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I'm designing a simple Arcanoid game with ECS.

With ECS there are many systems that only update components once in a while. For example, Particle systems are animated sprites that can be used for collision effects or explosions. These kind of effects happen rarely.

ParticleSystem will only update ParticleComponent when they exist, which happens rarely, just on collisions, etc. The rest of the time it's polling to find entities with ParticleComponent.

Isn't this polling inefficient? If I have many more functions similar to the ParticleSystem, that only do work rarely, the update will be clogged with systems that do not update anything. Would it be good practice to "sleep" the system until an entity is assigned to the ParticleComponent?

For example (using EntityX):

class ParticleComponent : Component<ParticleComponent>
{
public:
    ParticleComponent(ParticleId id) : id(id), time(0.0){};

    ParticleId id;
    double time;
};

class ParticleSystem : System<ParticleSystem>
{
public:
    void update(EntityManager & entities, EventManager & events, TimeDelta dt)
    {
        // this list will be empty if there are no entities.. but there is still a search
        entities.each<ParticleComponent>([](Entity & entity, ParticleComponent & particle)
        {
            // update current animation time
            particle.time += dt;
        });
    }
};

class Game : public EntityX
{
public:
    Game()
    {
        systems.add<ParticleSystem>();
        systems.configure();
    }

    void update(TimeDelta dt)
    {
        // this is only useful when there are entities with ParticleComponents
        systems.update<ParticleSystem>(dt);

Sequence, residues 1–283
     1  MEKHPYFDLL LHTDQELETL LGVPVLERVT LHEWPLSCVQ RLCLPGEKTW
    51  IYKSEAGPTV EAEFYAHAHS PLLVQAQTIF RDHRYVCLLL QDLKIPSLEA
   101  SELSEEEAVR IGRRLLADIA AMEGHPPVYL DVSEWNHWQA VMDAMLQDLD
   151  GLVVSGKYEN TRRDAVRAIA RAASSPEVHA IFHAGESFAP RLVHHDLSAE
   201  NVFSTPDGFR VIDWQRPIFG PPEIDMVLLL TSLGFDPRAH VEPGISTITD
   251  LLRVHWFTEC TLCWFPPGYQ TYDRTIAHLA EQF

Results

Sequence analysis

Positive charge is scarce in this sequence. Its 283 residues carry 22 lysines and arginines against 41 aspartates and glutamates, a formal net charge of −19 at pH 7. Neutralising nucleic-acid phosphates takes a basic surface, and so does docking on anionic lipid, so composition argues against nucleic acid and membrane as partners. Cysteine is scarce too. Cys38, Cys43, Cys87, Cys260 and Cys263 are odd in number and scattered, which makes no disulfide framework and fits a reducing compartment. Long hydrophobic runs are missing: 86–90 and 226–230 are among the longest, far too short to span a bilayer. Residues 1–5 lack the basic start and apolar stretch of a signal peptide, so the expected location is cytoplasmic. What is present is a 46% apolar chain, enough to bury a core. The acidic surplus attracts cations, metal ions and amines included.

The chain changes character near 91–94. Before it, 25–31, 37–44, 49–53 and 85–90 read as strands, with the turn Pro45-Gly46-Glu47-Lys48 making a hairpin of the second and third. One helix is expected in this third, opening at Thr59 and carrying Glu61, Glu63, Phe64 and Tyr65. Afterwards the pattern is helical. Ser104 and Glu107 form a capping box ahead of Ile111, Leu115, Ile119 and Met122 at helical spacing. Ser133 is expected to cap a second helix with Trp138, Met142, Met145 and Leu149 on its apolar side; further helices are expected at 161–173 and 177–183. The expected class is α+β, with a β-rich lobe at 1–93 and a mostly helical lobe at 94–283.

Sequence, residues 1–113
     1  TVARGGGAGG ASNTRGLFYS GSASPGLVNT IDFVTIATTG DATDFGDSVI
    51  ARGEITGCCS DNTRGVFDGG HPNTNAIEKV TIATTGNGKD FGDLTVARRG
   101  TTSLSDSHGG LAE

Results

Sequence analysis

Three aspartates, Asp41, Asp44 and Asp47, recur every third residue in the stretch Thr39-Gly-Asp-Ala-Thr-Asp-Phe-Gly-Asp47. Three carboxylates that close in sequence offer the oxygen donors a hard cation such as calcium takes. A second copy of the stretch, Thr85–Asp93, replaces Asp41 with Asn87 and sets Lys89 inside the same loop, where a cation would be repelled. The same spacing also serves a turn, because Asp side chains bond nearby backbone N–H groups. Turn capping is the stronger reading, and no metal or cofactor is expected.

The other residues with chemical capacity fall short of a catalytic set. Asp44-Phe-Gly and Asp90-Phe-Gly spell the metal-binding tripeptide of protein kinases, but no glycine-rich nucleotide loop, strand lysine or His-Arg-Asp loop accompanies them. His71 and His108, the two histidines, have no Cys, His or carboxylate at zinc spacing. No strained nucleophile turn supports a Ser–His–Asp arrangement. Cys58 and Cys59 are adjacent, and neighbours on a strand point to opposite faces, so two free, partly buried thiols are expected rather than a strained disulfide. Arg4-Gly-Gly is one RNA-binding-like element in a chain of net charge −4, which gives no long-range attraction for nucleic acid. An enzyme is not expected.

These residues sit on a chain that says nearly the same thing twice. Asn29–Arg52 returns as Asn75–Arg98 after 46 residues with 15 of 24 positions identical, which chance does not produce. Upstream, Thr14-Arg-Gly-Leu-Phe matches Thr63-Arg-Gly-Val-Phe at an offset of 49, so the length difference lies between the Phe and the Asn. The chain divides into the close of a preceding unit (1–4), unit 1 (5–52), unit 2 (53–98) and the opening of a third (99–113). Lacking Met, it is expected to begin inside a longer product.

}

    void onRareEvent()
    {
        auto entity = entities.create();
        entity.assign<PositionComponent>();
        entity.assign<ParticleComponent>(FIRE_PARTICLE);
        // destroy in 3 seconds
        timer.schedule(3, Game::destroyEntity, entity);
    }

    //void render()...    
}
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migrated from stackoverflow.com Mar 10 '17 at 10:04

This question came from our site for professional and enthusiast programmers.

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ParticleSystem will only update ParticleComponent when they exist, which happens rarely, just on collisions, etc. The rest of the time it's polling to find entities with ParticleComponent.

Isn't this polling inefficient?

No, it's not efficient, but there's no reason to do it that way and no (good) ECS implementation will poll for components.

When a component/entity is created, add the component/entity to the systems's list of active objects if the object meets the appropriate requirements (some systems require a combination of components, sometimes called a "component signature" by hip youthful people). Then the system consistently has an accurate list of all objects it needs to update and the information it needs to access them efficiently, no polling required.

This is true in an ECS architecture or other component architectures. Our engine is a very far cry from ECS and yet we do the same thing: components call something like game.SomeManager.addComponent(this) in their initialization function and game.SomeManager.removeComponent(this) in their shutdown function. Fancier ECS architectures automate that, but it's the same idea.

I would have assumed that libraries like EntityX are actually doing this under the hood, but I could be wrong. Every single off-the-shelf open source entity library I've ever seen on GitHub (EntityX included) is hot flaming garbage and I'd recommend that you run screaming in the opposite direction, anyway. If you think you need a complex library to manage your game objects, that's a sign that you're massively over-complicating the problem. And if you're using some crazy template meta-programming nonsense (like EntityX) you're potentially shooting yourself in the foot (that stuff will have trouble scaling past the smallest and simplest hobby games, especially if you at all value the time lost waiting for your game to compile).

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  • 1
    \$\begingroup\$ If each system has its own list of entities with X-Component, what would happen with all-famous PositionComponent? All systems that require position must have a list with the entities with PositionComponent? \$\endgroup\$ – Hennio Mar 14 '17 at 8:17